idea would not constitute infringement.

Speaking directly about general and detailed ideas, Jacob J asserted that in relation to all


‘The true position is that where an “idea” is sufficiently general, then even if an original
work embodies it, the mere taking of that idea will not infringe. But if the “idea” is
detailed, then there may be infringement. It is a question of degree’

It is therefore important to assess how the courts have set out to separate the expression
of the idea in detail from the general idea itself. It seems that in the former, attention is
given to finer details of the work. In the final analysis, a balancing act must be performed
to protect the author of the idea and encourage literary and technological innovation.

Over the past decade there have been many cases involving the protection of computer
source and object codes much like an author would seek to protect the words of a book.
In John Richardson Computers v Flanders the courts extended the concept of an idea
to include user interfaces stating that the way a program is used and responds to a user
should also be copyrighted. Here the plaintiffs claimed that the defendants had copied
the ‘look and feel’ of their computer software developed for the pharmaceutical industry.

However as computer use became more widespread courts had to reconsider copyrighting
‘look and feel’ or ‘business logic’ of programs. This was highlighted in the case of
Navitaire Inc v Easyjet Airline Co Ltd (2004) where Navitaire claimed that Easyjet
online ticketless booking system eRes was a copy of their original programme, Openres.
Navitaire owned the copyright in the source code for the computer programme and did
not allege at any time during the case that this was copied.

The allegation centred on the fact that eRes was almost indistinguishable from OpenRes
in relation to the ‘user interface’ or interaction between user and programme. The
Plaintiffs alleged non textual copying in relation to the ‘look and feel’ of running
OpenRes, user commands to achieve particular results and screen reports in response to
user instructions. Copying was alleged of the whole of OpenRes or the various modules
that make up the system.

What was further considered in this case was whether there could be an infringement
where two computer programs produce the same results but the author of the latter had no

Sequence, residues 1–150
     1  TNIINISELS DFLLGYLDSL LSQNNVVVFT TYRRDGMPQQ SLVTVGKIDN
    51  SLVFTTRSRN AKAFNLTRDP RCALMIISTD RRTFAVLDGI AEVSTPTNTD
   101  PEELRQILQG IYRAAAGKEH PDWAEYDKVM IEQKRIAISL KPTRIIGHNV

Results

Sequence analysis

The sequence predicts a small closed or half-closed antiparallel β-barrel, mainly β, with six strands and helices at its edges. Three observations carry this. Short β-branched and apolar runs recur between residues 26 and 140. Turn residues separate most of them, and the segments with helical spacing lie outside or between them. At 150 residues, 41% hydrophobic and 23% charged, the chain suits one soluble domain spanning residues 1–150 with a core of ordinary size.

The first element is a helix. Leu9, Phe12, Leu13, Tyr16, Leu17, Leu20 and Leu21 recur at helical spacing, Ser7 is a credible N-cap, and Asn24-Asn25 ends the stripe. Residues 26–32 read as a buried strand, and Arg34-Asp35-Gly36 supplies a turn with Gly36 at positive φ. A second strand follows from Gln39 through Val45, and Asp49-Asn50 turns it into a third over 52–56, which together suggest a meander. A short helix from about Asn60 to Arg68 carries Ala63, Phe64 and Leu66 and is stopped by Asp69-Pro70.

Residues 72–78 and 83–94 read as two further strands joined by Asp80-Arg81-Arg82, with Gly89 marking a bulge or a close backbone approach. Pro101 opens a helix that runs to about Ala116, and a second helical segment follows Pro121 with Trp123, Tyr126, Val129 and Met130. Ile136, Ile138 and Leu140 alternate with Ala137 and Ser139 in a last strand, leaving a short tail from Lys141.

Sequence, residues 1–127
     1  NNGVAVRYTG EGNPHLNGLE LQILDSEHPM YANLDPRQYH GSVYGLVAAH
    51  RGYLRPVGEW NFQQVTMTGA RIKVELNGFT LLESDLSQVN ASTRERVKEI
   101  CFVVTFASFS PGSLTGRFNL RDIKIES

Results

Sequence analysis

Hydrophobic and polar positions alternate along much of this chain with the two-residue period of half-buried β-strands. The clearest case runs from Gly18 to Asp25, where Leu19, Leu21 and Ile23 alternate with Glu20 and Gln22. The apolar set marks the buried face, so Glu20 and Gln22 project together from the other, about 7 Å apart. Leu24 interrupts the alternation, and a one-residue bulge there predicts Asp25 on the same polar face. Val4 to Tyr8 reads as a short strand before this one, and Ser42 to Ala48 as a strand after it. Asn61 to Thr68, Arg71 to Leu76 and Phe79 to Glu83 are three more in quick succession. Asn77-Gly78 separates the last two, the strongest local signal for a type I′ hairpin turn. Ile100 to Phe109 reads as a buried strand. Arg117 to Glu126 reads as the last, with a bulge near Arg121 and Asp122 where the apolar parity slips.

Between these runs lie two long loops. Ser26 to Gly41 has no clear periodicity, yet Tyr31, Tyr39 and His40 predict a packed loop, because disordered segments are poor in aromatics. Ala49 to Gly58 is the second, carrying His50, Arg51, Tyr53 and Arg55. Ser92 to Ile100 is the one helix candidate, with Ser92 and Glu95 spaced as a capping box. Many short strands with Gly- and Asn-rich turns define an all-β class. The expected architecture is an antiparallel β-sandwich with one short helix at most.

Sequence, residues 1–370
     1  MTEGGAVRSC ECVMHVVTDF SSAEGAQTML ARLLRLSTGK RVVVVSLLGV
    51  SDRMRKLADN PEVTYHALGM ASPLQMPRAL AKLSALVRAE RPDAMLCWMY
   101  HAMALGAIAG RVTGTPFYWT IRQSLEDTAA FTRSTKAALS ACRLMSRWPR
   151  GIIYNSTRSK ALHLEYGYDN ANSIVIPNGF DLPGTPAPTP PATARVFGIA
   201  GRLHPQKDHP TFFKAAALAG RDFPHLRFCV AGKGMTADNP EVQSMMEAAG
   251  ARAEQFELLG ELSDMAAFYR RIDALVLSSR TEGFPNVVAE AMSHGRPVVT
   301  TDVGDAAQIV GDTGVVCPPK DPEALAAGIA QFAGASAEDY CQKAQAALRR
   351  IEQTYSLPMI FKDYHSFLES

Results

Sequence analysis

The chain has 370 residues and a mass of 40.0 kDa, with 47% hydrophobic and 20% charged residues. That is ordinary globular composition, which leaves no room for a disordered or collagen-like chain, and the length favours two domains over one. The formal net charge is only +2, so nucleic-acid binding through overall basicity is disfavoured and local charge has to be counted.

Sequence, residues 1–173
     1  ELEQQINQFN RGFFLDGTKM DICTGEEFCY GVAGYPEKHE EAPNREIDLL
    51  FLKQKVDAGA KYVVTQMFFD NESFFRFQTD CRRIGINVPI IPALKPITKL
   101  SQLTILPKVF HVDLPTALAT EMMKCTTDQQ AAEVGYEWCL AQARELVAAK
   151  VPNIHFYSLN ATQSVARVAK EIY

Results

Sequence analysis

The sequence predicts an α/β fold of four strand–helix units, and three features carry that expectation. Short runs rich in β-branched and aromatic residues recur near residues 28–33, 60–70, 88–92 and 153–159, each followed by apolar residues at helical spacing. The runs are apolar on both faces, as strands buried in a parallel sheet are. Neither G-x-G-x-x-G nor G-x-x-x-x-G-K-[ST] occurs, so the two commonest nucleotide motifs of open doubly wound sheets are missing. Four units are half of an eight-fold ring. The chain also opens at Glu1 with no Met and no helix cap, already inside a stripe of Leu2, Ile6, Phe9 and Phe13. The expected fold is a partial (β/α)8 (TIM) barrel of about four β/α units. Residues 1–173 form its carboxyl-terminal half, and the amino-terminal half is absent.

information of the former apart from the end function. In this scenario the question arises
as to whether the general idea alone has been copied or something more detailed. No
infringement was found in Navitaire and it was held that to side with the plaintiffs in this
case would be “an unjustifiable extension’ of copyright protection”. Simon Stokes in
The development of UK software copyright law notes,

‘In light of Navitaire, the chances of a successful software copyright “look and feel” case
appear limited unless there is a clear misappropriation of a copyright work… or
underlying source code.’

In Nova Productions Ltd v Mazooma Games Ltd (2006) the restrictive approach in
Navitaire was reaffirmed. Here the defendant produced a computer programme based on
the game of pool that was similar to that of the plaintiff although he had no access to the
original source codes. Again the plaintiff here alleged that although the computer
programme language or sources were not copied, the user interface or ‘look and feel’ of
the programme was. It was held that parts of the computer programme copied were of a
“high level of generality or abstraction”, common in the industry and did not form a
substantial part of the program itself. The court agreed with the Navitaire judgement and

“merely making a programme which will emulate another but which in no way involves
copying the programme code or any of the program’s graphics is legitimate”

The present state of the law is that copying the end result of a computer programme in
itself does not constitute infringing its copyright. In both Navitaire and Nova, the court
included in its judgement the provisions of the Software Directive recitals 13-15. The
Directive provides that, the expression of a computer program is protected but ideas and
principles which underlie any element of a program or its interfaces are not. Many
believe that spells bad news for creators and brand owners. In the European Intellectual
Property Review, Peter Nunn states,

‘As the law currently stands, non-textual copying claims in the software field appear
doomed: ideas and user interfaces can seemingly be freely copied’

It would be useful to consider the courts approach in other cases regarding protected
work. In the case of Green v Broadcasting Corporation of New Zealand [1989] the
issue of general and detailed ideas were also discussed in relation to a television
broadcast. Here the British presenter Hughie Green sought to sue a New Zealand
television station for copyright infringement of the format of his game show, Opportunity
Knocks. The English Privy Council however rejected this attempt to claim that the format
was a dramatic work, asserting that there was no copyright in an idea and the format as
presented was ‘conspicuously lacking in certainty’.

This has led to difficulties in the television industry in relation to protecting various
unscripted game show formats however unique and original they might be. Lord Bridge
stated that there was,

“difficulty [in] the concept that a number of allegedly distinctive features of a television
series can be isolated from the changing material presented in each separate performance
(the acts of the performers in the talent show, the question and answers in the quiz show
etc.) and identified as an “original dramatic work”

In the more recent case of Miles v ITV Network (2004) again involving television